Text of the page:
Korean Election Result – The Future for High-Tech Korean Entrepreneurs
Posted December 20, 2012 By Sue J. Hur

South Korean entrepreneurs are holding their breath, as the country issues in a new era, having voted in its first female leader in history. Park Geun Hye (60), whose childhood was spent in the presidential palace, is the daughter of assassinated dictator (1979) Park Chung Hee, whose autocratic 18 year rule, tough economic policies and questionable human rights record cast a shadow over her candidacy. Yet, there are signs that she is dedicated to reversing a slow in the economy through fiscal and practical support aimed at strengthening SME’s, particularly in the high-tech space.

Phenomenal economic growth in Korea during the elder Park’s transitional era and through the first decade of the 21st century, now places Korea as the 14th largest economy in the world. But this growth has slowed from 5% last year to 2% this year and Park aims to assist Korean SMEs to expand onto the global stage, improve sustainability and create jobs.

In a country whose economic landscape is currently dominated by ‘chaebuls’ (sprawling politically-connected family owned business conglomerates) Park’s party has pledged an increase in matching funding for startups and SMEs to $2.3Bn, particularly in the high-tech industry. The party has also pledged to provide government support on HR issues, in order to increase capabilities, which is mainly aimed at improving global marketing and sales performance.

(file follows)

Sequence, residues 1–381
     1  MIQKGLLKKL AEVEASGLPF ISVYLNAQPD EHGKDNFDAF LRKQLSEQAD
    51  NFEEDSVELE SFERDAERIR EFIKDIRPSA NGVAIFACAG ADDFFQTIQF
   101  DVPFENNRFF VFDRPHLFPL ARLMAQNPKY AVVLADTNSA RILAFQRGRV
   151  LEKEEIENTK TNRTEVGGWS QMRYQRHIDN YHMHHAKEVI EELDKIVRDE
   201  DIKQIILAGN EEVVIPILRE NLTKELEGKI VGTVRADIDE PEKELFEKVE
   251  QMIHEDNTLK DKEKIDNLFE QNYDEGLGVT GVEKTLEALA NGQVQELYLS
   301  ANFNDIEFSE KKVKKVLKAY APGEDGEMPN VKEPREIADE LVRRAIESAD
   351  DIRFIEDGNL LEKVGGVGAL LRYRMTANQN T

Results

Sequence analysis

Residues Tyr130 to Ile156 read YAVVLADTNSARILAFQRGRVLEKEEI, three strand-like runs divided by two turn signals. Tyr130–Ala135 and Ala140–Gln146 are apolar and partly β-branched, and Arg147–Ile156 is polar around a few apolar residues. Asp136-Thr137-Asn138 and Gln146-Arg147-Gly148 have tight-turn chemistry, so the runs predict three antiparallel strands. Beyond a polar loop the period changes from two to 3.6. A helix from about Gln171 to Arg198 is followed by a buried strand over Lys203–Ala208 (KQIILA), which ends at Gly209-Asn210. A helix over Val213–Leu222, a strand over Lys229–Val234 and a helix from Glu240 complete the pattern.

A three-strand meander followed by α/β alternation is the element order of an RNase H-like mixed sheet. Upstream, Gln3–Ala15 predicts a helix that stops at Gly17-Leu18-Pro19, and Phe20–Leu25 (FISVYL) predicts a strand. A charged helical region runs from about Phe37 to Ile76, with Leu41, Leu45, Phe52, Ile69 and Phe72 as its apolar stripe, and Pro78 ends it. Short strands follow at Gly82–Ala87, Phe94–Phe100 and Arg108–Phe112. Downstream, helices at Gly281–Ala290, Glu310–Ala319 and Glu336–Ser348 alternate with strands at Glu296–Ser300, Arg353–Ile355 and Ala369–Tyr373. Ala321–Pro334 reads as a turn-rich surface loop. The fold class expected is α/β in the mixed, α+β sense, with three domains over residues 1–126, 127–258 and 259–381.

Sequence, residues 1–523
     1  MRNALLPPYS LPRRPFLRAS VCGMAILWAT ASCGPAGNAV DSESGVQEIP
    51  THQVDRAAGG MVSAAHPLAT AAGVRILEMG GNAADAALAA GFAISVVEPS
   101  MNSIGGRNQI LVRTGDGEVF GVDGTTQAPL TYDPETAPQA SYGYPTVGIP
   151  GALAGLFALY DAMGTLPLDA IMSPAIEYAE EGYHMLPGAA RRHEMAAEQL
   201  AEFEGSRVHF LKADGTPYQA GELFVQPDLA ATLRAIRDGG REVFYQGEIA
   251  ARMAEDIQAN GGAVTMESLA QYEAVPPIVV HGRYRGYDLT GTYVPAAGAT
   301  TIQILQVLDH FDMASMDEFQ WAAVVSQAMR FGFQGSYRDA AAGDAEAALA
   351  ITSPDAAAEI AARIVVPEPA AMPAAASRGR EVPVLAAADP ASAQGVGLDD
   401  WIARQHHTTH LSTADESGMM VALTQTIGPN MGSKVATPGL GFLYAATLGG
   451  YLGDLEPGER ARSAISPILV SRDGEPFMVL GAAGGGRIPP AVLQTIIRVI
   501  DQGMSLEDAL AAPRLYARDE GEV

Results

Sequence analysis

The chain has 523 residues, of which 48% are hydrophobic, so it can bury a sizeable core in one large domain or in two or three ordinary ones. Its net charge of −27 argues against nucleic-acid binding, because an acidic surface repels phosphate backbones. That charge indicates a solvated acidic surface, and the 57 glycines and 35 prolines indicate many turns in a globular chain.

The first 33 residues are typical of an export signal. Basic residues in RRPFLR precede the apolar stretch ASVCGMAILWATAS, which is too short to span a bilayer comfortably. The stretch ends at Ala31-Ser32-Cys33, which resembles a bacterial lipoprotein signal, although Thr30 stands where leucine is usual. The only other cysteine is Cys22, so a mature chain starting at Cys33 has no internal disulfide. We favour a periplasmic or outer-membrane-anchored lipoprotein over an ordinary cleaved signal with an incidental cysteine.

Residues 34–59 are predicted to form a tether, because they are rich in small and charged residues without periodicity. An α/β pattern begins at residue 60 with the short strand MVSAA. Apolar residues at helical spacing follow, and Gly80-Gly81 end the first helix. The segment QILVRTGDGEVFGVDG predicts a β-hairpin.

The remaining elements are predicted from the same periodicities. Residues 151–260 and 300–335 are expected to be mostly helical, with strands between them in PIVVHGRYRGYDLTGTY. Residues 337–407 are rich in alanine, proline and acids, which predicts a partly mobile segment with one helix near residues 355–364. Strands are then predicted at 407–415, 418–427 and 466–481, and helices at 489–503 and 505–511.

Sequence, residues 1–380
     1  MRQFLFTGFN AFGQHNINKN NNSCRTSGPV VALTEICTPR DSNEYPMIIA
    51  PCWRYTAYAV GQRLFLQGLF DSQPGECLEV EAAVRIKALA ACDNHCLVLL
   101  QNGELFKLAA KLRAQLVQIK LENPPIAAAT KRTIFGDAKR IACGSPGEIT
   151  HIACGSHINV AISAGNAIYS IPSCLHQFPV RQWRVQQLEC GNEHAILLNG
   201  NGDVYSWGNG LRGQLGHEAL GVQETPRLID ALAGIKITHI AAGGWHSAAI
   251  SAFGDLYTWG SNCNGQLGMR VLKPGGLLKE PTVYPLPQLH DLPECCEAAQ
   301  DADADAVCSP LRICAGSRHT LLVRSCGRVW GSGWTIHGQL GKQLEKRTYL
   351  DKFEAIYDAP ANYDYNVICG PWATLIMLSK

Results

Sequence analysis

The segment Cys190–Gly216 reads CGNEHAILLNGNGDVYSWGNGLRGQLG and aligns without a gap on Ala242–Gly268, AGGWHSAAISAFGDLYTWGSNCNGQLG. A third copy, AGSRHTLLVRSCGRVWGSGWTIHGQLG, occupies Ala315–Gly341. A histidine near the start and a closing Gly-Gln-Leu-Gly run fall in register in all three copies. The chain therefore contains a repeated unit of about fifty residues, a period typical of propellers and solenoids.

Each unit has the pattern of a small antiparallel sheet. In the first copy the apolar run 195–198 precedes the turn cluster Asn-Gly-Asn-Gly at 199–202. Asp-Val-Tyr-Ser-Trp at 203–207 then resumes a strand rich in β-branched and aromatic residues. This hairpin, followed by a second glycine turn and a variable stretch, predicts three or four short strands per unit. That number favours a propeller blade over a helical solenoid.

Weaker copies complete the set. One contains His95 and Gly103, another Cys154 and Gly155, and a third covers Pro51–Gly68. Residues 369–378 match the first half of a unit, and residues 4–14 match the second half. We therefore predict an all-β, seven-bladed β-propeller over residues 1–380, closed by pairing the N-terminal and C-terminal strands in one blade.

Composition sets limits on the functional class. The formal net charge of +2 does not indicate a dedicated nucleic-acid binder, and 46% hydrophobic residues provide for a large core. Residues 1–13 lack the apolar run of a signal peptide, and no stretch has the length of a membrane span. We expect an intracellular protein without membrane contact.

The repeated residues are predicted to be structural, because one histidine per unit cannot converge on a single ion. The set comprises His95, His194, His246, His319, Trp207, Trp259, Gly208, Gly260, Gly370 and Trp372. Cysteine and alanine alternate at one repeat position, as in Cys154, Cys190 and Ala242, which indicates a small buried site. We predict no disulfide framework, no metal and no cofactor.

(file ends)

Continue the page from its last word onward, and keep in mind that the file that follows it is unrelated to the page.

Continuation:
The administration also aims to establish government support for struggling organizations, to prevent collapse, and further build sustainability in the small business sector. Currently SMEs are reliant on major Korean corporations to fill their order books, as they lack the in-house capacity to expand beyond the peninsula, on their own. The new government also aims to invest in high-tech R&D, which it sees as an area for improvement within smaller organizations.

Another pledge is to support the global spread of Korean-style content, perhaps spurred on by the unprecedented global success of Korean pop culture in the past few years, most notably with Psy’s Gangnam Style in 2012. The new ‘Contents Korea Lab’ aims to foster new talent and offer institutional support for established content providers through the ‘Contents Korea Fund’.

The rewards of decades of incredible financial success of large Korean corporations has been scantily shared and there is a hope now that Park will address this disparity, despite her staunchly conservative upbringing. Currently much of the detail is lacking in Park’s policies, but her rhetoric at least is encouraging and the entrepreneurial community in Korea hopes that the future holds promise.